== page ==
Groups want solitary confinement studied


RALEIGH (AP) — Advocacy groups have asked federal authorities to investigate solitary confinement in North Carolina prisons, citing the death of a mentally ill prisoner and separate concerns by President Barack Obama.

The request comes weeks after the state agreed to pay a $2.5 million settlement to the family of the prisoner, who died after being held in solitary confinement for 35 days. Earlier in July, Obama separately announced a federal review of how the practice is used in prisons.

Groups including the American Civil Liberties Union and North Carolina Prisoner Legal Services sent the letter on Monday asking for a Justice Department investigation.

“Understaffed, underfunded, and plagued by arbitrary standards, insufficient oversight, and inadequate resources for inmates with mental illness, North Carolina’s solitary confinement regime must change,” the letter states. “However, governmental efforts and calls from the media and the public have resulted in little meaningful reform.”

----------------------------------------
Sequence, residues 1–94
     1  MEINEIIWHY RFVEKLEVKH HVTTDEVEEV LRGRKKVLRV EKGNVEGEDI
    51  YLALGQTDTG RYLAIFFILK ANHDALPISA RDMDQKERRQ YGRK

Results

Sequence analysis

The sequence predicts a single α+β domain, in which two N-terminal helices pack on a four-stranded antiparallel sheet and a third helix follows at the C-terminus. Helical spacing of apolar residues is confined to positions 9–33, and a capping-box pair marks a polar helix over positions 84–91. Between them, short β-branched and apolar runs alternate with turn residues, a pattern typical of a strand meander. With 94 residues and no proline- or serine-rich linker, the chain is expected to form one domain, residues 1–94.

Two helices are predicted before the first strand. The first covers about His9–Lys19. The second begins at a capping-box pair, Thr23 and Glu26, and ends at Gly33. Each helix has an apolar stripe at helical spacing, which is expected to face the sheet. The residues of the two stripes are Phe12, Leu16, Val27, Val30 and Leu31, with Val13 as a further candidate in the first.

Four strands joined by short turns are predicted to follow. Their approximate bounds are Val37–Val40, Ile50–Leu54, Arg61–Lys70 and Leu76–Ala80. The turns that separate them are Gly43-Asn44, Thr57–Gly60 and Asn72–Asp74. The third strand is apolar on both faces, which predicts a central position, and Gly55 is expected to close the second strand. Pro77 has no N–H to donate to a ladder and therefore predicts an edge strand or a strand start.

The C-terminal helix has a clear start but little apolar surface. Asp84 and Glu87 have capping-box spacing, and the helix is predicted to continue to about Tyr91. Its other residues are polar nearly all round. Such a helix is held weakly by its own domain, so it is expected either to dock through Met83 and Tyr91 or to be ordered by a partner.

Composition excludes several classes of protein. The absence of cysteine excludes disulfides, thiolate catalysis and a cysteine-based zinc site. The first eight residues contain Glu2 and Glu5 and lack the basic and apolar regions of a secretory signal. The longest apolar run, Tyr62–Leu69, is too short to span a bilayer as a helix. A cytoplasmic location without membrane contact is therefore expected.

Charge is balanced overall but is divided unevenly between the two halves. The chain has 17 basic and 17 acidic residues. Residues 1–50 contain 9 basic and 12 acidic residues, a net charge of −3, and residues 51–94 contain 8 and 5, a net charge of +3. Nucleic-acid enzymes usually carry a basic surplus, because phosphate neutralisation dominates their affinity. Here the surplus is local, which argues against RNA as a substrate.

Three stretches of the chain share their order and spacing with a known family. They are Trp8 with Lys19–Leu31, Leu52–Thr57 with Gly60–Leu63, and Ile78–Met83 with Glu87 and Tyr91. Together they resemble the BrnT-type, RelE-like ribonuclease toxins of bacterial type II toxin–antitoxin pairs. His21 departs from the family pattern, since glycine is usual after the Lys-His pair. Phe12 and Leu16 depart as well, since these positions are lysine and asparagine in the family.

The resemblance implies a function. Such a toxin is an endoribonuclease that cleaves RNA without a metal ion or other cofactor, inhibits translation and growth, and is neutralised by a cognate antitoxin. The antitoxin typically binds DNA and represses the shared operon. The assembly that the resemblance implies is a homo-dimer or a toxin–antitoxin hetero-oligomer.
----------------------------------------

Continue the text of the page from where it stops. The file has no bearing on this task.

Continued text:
The letter cites the treatment of mentally ill inmates and tells several of their stories. The letter says prisoners can be isolated for minor infractions such as profanity or misbehavior that results from mental illness. For at least 23 hours a day, the isolated prisoners have no sunlight, fresh air or human contact, the letter says.

Featured prominently is the story of Michael Anthony Kerr, whose 2014 death led to the financial settlement as well as several firings and resignations at Alexander Correctional Institution in Taylorsville.

Records show the 54-year-old inmate was twice cited for violations by prison staff for flooding his cell weeks before his death. Kerr was found unresponsive in the back of a prison van after being driven three hours to a mental hospital at Raleigh’s Central Prison.

An autopsy determined Kerr died of dehydration on March 12, 2014, and was receiving no treatment for his schizophrenia.

The N.C. Department of Public Safety website listed Kerr as a habitual felon serving a 31-year sentence after he was convicted of firing into a house in October 2008.

The Justice Department’s media relations staff didn’t immediately respond to an email seeking comment.

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